How Interference with Thermostats Can Be Bad for the Environment
Everybody knows that buttons, switches and control panels can be extremely tempting to fiddle with, especially for children, and thermostats are no exception. With the knowledge that messing with it will not cause catastrophe as it might were they to play with a serious looking control panel, it can be even more alluring to just move the thermostat about simply because it is there and within reach. It may also provide a source of amusement for adults who should know better to perform a practical joke by turning the thermostat right up to maximum or to its lowest setting.
Whilst the consequences are unlikely to be anything more than mild annoyance for the owners of the building, we know how small changes to a thermostat can have cumulative effects. For example, turning the thermostat down by just one degree could cut energy bills by up to 10% each year and with one degree being barely noticeable, any interference or fiddling with the thermostat by just a slight amount may go unnoticed and result in higher energy consumption and heating costs over a considerable period of time. Along with the financial implications for the bill payer, the increased energy consumption can be bad for the environment if that electricity is produced through burning fossil fuels.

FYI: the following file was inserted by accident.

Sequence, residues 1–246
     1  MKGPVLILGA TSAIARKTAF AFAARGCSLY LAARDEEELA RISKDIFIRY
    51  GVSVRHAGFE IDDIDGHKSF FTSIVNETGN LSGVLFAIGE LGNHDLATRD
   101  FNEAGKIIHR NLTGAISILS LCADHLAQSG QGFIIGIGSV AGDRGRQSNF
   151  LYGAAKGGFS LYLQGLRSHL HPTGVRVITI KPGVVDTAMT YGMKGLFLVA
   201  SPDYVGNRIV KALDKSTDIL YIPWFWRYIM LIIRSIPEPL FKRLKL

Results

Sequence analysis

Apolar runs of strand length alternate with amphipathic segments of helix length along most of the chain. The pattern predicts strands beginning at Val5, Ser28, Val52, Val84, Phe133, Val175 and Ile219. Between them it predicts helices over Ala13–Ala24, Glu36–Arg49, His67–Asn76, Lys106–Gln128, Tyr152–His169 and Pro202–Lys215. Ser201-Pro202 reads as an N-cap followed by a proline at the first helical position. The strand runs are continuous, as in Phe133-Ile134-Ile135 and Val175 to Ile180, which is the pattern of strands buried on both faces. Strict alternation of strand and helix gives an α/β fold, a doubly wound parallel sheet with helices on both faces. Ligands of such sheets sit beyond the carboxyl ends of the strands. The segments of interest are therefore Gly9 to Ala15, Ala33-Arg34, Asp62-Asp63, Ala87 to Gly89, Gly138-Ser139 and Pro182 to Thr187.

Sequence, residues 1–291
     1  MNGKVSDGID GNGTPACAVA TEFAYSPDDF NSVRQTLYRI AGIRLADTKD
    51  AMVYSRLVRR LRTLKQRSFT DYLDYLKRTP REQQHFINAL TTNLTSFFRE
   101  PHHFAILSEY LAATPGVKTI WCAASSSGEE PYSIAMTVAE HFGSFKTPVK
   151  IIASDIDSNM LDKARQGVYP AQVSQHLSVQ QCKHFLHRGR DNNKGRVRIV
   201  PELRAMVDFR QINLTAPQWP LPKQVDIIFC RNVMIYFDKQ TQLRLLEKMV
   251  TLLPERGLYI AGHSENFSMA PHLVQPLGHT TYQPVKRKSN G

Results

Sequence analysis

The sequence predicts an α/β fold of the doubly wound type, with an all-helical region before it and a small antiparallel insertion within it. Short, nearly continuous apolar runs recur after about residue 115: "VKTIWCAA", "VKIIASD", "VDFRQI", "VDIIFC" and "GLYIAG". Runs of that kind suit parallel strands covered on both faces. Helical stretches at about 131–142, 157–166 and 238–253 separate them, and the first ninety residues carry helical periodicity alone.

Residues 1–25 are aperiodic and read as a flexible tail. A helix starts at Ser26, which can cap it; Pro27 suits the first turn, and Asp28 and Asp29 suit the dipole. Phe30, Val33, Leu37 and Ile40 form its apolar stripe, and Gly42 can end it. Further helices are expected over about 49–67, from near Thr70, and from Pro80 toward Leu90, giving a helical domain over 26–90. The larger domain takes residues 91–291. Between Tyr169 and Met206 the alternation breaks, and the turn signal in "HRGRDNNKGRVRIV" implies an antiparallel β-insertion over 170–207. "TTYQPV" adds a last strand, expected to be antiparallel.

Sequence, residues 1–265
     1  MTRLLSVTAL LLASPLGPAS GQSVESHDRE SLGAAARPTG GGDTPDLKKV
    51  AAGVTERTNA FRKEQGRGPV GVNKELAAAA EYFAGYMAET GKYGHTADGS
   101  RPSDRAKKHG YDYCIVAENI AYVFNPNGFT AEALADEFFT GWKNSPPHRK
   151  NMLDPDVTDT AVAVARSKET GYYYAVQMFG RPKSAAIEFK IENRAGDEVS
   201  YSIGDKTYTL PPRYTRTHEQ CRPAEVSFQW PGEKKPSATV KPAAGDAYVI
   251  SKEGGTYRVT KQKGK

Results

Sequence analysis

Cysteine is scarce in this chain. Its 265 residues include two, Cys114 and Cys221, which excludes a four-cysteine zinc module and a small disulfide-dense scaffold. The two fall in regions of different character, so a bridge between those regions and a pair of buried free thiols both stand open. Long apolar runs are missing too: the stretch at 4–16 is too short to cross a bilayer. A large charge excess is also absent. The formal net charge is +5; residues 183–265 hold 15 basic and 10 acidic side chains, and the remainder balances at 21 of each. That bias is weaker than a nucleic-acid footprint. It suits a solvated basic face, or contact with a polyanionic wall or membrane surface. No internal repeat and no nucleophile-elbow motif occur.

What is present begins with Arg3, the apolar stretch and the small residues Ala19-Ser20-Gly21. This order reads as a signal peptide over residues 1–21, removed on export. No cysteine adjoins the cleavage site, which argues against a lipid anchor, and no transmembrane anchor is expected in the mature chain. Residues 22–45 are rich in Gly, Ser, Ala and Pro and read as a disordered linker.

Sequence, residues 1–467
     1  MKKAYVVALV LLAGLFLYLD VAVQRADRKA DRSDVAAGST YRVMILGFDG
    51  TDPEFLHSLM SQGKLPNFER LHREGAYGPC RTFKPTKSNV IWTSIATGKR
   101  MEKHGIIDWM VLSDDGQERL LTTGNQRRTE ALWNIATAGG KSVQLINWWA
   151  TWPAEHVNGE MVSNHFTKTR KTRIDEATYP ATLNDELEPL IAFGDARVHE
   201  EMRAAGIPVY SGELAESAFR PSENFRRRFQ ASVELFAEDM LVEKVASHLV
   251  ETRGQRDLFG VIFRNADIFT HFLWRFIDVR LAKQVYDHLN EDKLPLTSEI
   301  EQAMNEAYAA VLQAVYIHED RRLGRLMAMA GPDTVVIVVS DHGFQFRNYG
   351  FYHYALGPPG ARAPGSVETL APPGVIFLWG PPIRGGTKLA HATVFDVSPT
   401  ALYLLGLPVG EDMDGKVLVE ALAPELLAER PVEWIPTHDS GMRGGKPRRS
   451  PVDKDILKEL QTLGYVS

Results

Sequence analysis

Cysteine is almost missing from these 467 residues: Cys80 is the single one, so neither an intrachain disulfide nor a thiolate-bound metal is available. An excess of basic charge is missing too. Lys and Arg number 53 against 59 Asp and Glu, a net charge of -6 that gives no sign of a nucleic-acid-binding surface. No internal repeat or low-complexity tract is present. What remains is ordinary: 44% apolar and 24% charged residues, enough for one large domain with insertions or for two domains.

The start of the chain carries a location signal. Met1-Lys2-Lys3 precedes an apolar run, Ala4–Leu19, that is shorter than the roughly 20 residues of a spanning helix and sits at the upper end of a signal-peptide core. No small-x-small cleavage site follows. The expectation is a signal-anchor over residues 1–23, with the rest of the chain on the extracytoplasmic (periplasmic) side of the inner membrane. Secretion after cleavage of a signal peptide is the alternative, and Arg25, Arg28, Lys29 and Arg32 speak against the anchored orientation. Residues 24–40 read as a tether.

As is the case with other environmental actions, a single thermostat is not going to have much effect upon the health of the planet or global pollution levels. However, the cumulative effects of all the other thermostats in the world which are set slightly higher than they could be will result in a dramatic effect upon energy consumption levels and, consequently, pollution levels as a by-product of generating this electricity.
How Can Thermostat Levels Be Maintained?
The best way of preventing unwanted changes to thermostats is to locate them away from public areas such as in a basement or in a room where the public are not allowed. If this is not possible then covers can be fitted over the top which require a key to open and so prevent unauthorised adjustment of the thermostat and temperature controls. Along with thermostats, this is also good practice for other controls and switches for other devices, with the obvious exception of emergency stop buttons of course which need to be in reach for anyone to press. Whilst they may sometimes be subject to misuse, it is necessary for them to be available should the need arise to stop a process in an emergency situation, without having to wait for someone with a key to come.